Seeking Alpha
We cover over 5K calls/quarter
Profile| Send Message|
( followers)

Ashland Inc. (NYSE:ASH)

F4Q 2008 Earnings Call

October 28, 2008 9:00 am ET

Executives

Eric Boni – Director of Investor Relations

James J. O’Brien – Chairman, Chief Executive Officer

Lamar M. Chambers – Senior Vice President, Chief Financial Officer

J. Kevin Willis - Treasurer

Analysts

Mike Sison – Keybanc

Jeff Zekauskas – J.P. Morgan

Dmitry Silversteyn – Longbow Research

Laurence Alexander – Jefferies & Co.

[Steven Velgard] - FIG

Operator

Good day ladies and gentlemen and welcome to the fourth quarter 2008 Ashland earnings conference call. My name is [Tawanda] and I will be your coordinator for today. (Operator Instructions) I would now like to turn the presentation over to Mr. Eric Boni, Director of Investor Relations. Please proceed sir.

Eric Boni

Thank you Tawanda. Good morning and welcome to Ashland’s fourth quarter fiscal 2008 conference call and webcast. We released our fourth quarter results at 7:00 am Eastern Daylight Time today. These results are preliminary until we file our 10-K in November. Our speakers with me here today are Jim O’Brien, Ashland’s Chairman and Chief Executive Officer and Lamar Chambers, Senior Vice President and CFO.

Please turn to Slide 2 for our cautionary language regarding forward-looking statements. Statements may be made during the course of this presentation that constitute forward-looking statements as that term is defined in relevant securities laws. Ashland believes its expectations regarding its operating performance and the Hercules transaction are based on reasonable assumptions, but it cannot assure that those expectations will be achieved. Therefore, any forward-looking statements may prove to be inaccurate.

On Slide 3 you will also see the mandatory additional information we must provide in connection with the proposed acquisition of Hercules. Please turn to Slide 4.

Before we get started, I will give you an outline of the call. First, I will review Ashland’s overall fourth quarter results and our progress on cost structure initiatives and Lamar will get into the specifics of our businesses. Jim will then discuss our 2008 full year highlights and conclude our prepared remarks with an update on the Hercules transaction. After that, we will take your questions.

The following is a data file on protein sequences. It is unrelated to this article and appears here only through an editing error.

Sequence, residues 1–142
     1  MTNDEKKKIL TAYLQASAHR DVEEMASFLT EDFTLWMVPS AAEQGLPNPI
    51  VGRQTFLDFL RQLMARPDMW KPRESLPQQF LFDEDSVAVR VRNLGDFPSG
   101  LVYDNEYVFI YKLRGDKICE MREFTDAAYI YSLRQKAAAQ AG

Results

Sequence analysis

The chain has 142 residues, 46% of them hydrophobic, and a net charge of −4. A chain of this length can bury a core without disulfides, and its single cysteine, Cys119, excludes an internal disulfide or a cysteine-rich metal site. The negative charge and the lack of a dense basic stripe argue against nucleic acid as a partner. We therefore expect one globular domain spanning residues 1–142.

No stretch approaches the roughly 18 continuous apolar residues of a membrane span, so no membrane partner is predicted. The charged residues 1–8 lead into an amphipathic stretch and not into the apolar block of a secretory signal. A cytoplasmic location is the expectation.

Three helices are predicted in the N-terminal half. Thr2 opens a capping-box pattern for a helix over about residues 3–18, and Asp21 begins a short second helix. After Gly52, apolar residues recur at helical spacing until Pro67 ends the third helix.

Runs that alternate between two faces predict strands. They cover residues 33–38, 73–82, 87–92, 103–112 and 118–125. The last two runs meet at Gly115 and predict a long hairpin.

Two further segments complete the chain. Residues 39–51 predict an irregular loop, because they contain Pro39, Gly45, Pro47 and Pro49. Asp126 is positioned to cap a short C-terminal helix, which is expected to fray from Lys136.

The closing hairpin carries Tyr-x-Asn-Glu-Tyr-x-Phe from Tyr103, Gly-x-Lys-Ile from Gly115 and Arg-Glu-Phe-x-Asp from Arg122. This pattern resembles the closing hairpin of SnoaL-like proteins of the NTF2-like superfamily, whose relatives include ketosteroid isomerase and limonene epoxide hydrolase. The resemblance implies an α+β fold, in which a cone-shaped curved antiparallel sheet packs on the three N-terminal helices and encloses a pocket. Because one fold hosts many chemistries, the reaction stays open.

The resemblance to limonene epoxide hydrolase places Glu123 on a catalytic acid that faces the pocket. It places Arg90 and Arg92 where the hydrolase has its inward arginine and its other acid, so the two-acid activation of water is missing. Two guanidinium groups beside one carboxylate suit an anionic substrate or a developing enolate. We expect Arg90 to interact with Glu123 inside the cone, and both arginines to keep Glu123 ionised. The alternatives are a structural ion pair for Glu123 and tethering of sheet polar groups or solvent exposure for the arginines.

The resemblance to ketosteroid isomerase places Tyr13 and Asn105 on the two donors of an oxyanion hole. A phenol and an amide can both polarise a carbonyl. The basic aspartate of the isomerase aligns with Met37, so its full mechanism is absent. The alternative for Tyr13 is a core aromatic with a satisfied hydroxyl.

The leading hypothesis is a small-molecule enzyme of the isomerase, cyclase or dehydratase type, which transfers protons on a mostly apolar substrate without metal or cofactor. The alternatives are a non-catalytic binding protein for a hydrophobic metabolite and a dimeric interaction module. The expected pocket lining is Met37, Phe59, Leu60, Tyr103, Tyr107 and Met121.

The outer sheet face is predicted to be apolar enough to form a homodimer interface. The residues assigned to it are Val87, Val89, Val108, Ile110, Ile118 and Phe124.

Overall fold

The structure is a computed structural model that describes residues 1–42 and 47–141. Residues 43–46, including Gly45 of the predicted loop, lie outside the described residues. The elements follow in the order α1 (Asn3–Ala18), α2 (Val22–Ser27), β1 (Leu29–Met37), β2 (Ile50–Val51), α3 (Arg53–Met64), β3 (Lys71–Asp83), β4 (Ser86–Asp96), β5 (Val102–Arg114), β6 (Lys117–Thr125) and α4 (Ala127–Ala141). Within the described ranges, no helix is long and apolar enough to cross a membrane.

We can take a look at the fourth quarter highlights on Slide 5. We experienced a difficult fourth quarter as our guidance indicated in our last quarterly earnings call in July. You will remember that back at the time of the call, the focus of much of the chemical industry was on implementing a large number of price increases, many in the range of 20 to 30 percent driven by significant increases in crude oil. This was also the overriding theme of our business for the first month-and-a-half to two months of the quarter.

It was a great challenge to implement the necessary price increases in order to recover our own increased costs. In general, we were reasonably successful by the end of the quarter. As we entered the second half of the quarter, a new challenge emerged. Rapidly weakening demand in Europe in particular and to a lesser extent in North America Asia provided a substantial headwind as we closed the quarter. The combination of both of these factors led to a 41% decline in our operating income, excluding key items, versus the year ago September quarter. We will discuss these key items shortly.

Declines in three of our four businesses more than offset this significant improvement in our Ashland Distribution business. Ashland Performance Materials was down considerably, and Valvoline to a lesser extent while Ashland’s Water Technologies reported a loss for the quarter. Nevertheless, we are encouraged by the $10.6 million operating income increase excluding key items in Distribution which performed reasonably well given the weaker market demand and higher product costs.

EBITDA declined by 11% or $8 million in the September 2008 quarter versus the same 2007 quarter. Results were considerably skewed by adjustments to Ashland’s tax provision in the fourth quarter, which negatively affected earnings by approximately $0.30 per share based on the full year effective tax rate of 33%. The organizational focus on working capital continued to produce good results, driving operating segment trade working capital to 12.3% of sales, a level we haven’t seen in several years.